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Number of Pages: 152
Vendor: Judson Press
Publication Date: 1973
|Dimensions: 8.50 X 5.50 (inches)|
Drawing from biblical, theological, and sociological sources as well as personal experience, author Kirk Jones discusses the fundamental importance of self-care for clergy and other professionals engaged in helping people. Filled with creative and practical strategies for integrating self-care into vocational life, this compelling resource identifies the factors that influence overload and outlines plausible strategies for escaping such bondage. Rest in the Storm is a lifeline for caregivers who feel overwhelmed by the demands of their calling or profession.
Author: Kirk Byron Jones
Located in: Randolph, MA
Submitted: April 06, 2001
Tell us a little about yourself. I have been married to Mary Brown-Jones for twenty years. We have four children: Jasmine, Jared, Joya, and Jovonna. After pastoring for twenty years, I now teach social ethics and preaching at Andover Newton Theological School, Newton Centre, MA.
What was your motivation behind this project? The inspiration for Rest in the Storm is my own struggle to serve others without doing violence to myself, and without neglecting proper care for those closest to me: my wife and my children. I am convinced that overloaded living and chronic hurry are hindrances to life in general and ministry in particular. Over the years, I have learned and re-learned important biblical truths that have helped me overcome overload. The book is my testimony, informed by study and the rich insights of other teachers and authors. Though the book is written with clergy especially in mind, I write with all caregivers in mind, including teachers, health-care professionals, and adults caring for loved ones who may be ill or simply not able to care for themselves. Caregivers are especially vulnerable to overcommitment. Rest in the Storm offers practical strategies that will help you care for others without losing focus on your own wellness.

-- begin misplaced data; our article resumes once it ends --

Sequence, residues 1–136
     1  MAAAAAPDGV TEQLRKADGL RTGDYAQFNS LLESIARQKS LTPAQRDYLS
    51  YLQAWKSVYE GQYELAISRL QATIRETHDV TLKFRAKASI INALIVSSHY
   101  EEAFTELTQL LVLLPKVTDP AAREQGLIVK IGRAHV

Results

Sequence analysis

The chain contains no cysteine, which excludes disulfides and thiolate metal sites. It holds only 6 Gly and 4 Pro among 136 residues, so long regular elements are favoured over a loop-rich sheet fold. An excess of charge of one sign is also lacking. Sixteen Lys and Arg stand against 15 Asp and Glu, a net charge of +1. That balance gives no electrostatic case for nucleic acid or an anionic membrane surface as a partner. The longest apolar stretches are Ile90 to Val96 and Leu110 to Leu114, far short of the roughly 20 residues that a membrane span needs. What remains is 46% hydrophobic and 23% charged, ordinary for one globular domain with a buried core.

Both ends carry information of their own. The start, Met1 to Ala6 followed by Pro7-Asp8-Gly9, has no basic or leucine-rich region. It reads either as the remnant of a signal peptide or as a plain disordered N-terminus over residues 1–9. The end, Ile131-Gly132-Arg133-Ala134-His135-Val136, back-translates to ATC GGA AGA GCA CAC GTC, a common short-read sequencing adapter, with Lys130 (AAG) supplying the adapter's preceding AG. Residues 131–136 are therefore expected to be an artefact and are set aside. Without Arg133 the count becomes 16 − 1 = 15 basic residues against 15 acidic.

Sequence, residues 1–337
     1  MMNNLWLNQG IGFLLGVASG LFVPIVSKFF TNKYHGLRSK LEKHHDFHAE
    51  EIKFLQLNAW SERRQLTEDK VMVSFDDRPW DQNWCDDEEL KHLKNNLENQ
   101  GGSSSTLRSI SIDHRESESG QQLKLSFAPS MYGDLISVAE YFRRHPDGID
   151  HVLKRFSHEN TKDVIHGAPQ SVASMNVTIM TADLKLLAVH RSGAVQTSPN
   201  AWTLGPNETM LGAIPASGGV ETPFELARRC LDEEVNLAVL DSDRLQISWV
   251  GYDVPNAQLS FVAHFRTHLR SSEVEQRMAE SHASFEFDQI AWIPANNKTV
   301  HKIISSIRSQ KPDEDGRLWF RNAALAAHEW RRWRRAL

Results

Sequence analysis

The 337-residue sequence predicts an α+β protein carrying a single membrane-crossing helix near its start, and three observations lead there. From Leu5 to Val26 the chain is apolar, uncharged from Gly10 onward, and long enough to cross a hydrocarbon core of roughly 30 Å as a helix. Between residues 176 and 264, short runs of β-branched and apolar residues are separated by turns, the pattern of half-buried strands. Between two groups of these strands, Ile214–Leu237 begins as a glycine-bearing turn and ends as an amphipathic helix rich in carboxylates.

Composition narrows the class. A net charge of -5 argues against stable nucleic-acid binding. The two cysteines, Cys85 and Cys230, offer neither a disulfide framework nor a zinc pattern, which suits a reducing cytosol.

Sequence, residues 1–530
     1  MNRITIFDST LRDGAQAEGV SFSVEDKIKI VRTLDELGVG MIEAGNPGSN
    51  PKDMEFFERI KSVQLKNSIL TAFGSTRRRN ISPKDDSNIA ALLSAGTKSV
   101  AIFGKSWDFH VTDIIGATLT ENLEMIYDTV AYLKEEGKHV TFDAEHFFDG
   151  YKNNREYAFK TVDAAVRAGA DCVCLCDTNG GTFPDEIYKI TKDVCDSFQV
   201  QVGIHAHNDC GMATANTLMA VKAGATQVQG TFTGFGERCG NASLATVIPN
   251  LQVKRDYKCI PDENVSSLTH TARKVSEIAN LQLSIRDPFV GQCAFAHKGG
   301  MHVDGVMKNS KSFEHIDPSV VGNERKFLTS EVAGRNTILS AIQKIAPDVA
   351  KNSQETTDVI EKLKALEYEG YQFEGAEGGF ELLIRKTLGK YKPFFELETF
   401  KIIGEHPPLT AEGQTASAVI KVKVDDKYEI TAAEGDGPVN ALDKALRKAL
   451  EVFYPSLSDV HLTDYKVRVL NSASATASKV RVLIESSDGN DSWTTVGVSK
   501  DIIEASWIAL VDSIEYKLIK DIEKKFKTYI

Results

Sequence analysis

What do you hope folks will gain from this project? I want persons to learn that they are as precious to God as the people they serve and the service they render. I want persons to give themselves permission to take time out for themselves and not feel guilty about it. I want persons to receive biblical-theological truths that will teach them to incorporate an ethic of self-care into an ethic of self- sacrifice. Along the way, readers will be introduced to two biblical strategies that have changed my life: "Getting to the Back of the Boat," and living life at a "Savoring Pace." Both strategies are drawn from Mark 4:35-41. This amazing story of Jesus in the storm is a powerful metaphor for effective and creative ministry. Signifcantly, Jesus takes time out to rest, and he practices a sacred, savoring ministry pace: the speed of peace.
Who are your influences, sources of inspiration or favorite authors / artists? Richard Swenson, author of Margin and The Overload Syndrome has had a significant influence on my thinking. I respect and cherish the writing, thinking, and struggles of Henri Nouwen. In addition to my quiet time, which I observe every day, I draw energy, hope and joy from reading poetry and listening to Gospel and Jazz music.
Anything else you'd like readers / listeners to know: Please read my article on self-care in ministry in the Spring 2001 issue of Leadership Journal. Also, you may read an excerpt of Rest in the Storm: Self-Care Strategies for Clergy and Other Caregivers at www.savoringpace.com